Safety precautions while handing out candy on Halloween
Q: Do you have advice for people who will be handing out candy?
Kirkilas: If possible, for families that want to hand out candy, if you can do so outside, instead of doing it from the inside. There’s also some families, what they’ll do is they’ll put out a table outside … so that you can distribute candy outside as opposed to being inside your home. Or having pre-set candies, like I’ve seen people putting candies in bags where kids can just kind of just come up to the table and pick it up themselves.
Q: What about hygiene?
Kirkilas: If you’re the person that’s handing out candy, (I) definitely recommend using hand sanitizer before you’re handing out the candy. And then when families come back home, again hand sanitizing before opening any candy.
Is the COVID-19 vaccine safe for children?
Q: As both a doctor and a parent to young children, can you explain why it’s important for children to get vaccinated, including when those aged 5 to 11 years old become eligible? There is some concern about the risk of myocarditis (inflammation of the heart muscle).
Kirkilas: I myself have had adolescents who have had the vaccine and developed myocarditis, which usually presents with chest pain. They go to the hospital. We do some labs, and all the patients that I’ve recovered very well.
And I think it should be placed in people’s minds that the risk of myocarditis from the vaccine is, one, very, very low. And when they do get it, it’s usually just chest pain. We follow up with some labs, and then it resolves. However, the amount of myocarditis from getting COVID itself is actually higher. And when you get myocarditis from the actual disease, it’s usually a more serious (case) requiring hospitalization.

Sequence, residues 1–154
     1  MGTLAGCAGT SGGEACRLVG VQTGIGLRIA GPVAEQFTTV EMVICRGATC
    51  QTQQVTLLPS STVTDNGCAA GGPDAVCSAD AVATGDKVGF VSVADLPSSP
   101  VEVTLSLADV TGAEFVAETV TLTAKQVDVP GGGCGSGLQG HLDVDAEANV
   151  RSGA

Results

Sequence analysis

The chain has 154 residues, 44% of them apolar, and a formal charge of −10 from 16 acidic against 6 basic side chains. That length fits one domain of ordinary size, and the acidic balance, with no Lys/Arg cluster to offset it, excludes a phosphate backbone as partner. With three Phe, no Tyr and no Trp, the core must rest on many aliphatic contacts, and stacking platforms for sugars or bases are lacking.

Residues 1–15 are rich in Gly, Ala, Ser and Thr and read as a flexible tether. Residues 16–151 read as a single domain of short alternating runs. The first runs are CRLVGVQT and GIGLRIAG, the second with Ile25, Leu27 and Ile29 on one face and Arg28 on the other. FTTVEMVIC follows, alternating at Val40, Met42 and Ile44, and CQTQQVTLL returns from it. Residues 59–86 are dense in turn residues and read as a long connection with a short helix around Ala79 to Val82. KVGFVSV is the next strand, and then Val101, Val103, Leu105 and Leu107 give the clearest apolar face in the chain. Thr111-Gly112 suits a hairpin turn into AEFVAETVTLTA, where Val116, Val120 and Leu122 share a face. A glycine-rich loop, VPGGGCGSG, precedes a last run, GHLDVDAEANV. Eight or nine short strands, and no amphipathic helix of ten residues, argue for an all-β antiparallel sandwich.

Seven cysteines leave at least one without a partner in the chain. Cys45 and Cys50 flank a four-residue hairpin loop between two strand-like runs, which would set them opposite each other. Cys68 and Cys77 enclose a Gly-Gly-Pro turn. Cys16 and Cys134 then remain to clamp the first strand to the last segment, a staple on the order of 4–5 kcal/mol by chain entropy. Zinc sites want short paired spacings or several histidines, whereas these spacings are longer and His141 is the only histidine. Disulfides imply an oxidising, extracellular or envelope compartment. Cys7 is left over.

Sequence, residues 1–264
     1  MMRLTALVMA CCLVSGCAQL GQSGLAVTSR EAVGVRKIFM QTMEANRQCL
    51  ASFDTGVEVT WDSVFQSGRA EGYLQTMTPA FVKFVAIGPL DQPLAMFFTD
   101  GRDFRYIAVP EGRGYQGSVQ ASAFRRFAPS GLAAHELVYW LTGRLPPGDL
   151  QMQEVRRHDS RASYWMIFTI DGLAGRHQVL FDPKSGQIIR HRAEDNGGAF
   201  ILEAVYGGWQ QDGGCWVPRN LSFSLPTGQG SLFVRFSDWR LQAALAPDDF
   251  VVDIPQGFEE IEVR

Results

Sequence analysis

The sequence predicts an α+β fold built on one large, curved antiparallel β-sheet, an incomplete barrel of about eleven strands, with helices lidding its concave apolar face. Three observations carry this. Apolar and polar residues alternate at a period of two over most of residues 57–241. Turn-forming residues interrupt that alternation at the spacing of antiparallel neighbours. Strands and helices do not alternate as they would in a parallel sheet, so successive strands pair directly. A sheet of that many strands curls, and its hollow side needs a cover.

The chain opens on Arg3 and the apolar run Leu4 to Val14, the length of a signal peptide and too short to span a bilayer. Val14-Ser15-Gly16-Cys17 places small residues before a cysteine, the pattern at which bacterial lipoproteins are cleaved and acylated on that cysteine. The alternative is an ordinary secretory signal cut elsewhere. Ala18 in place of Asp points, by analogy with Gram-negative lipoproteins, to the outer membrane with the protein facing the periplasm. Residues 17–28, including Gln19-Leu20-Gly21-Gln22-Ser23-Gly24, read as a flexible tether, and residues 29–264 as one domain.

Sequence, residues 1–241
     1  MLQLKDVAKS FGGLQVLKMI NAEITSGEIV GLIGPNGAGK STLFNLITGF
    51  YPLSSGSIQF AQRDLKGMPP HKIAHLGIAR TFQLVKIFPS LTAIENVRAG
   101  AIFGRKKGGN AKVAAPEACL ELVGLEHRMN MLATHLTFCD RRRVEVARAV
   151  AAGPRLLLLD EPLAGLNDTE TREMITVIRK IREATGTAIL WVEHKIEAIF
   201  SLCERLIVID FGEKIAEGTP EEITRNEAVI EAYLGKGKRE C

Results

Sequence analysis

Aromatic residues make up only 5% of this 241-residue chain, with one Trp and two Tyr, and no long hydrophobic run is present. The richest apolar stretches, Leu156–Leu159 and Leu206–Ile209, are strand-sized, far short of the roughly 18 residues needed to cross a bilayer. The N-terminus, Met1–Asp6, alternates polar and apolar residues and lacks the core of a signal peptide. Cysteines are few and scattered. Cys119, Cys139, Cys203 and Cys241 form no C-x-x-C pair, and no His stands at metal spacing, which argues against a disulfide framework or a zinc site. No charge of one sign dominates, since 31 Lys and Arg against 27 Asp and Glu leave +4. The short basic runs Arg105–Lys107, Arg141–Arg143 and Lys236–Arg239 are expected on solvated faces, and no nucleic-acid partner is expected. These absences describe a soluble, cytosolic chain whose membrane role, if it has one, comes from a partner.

I think parents should know that, yes, the FDA was quite serious about (approving) emergency use (for children 12-15 years old in May). It’s not something that’s given frivolously. When Pfizer and some of these other vaccine companies release their data, the FDA is not just blatantly giving a yes.
What does the CDC say about trick-or-treating outside?
The Centers for Disease Control and Prevention encourages people who have not received their COVID-19 vaccine to wear a mask in indoor public spaces, and those who are fully vaccinated can consider doing so as well to “maximize protection” from the highly contagious delta variant .
However, face coverings are not safe for children under 2 years old.
According to the CDC, “In general, you do not need to wear a mask in outdoor settings.” However, if you are in a crowded area outside or in close contact with people who are unvaccinated, consider wearing a mask in areas such as Maricopa County where COVID-19 spread is high.
Maintaining social distance from people outside of your household is still recommended.
Dr. Anthony Fauci, director of the National Institute of Allergy and Infectious Diseases, also told CNN that trick-or-treating outdoors can be enjoyed, “particularly if you’re vaccinated.”
“If you’re not vaccinated, again, think about it, that you’ll add an extra degree of protection to yourself and your children and your family and your community,” he said.
Reach the reporter at email@example.com. Follow her on Twitter @kimirobin and Instagram @ReporterKiMi.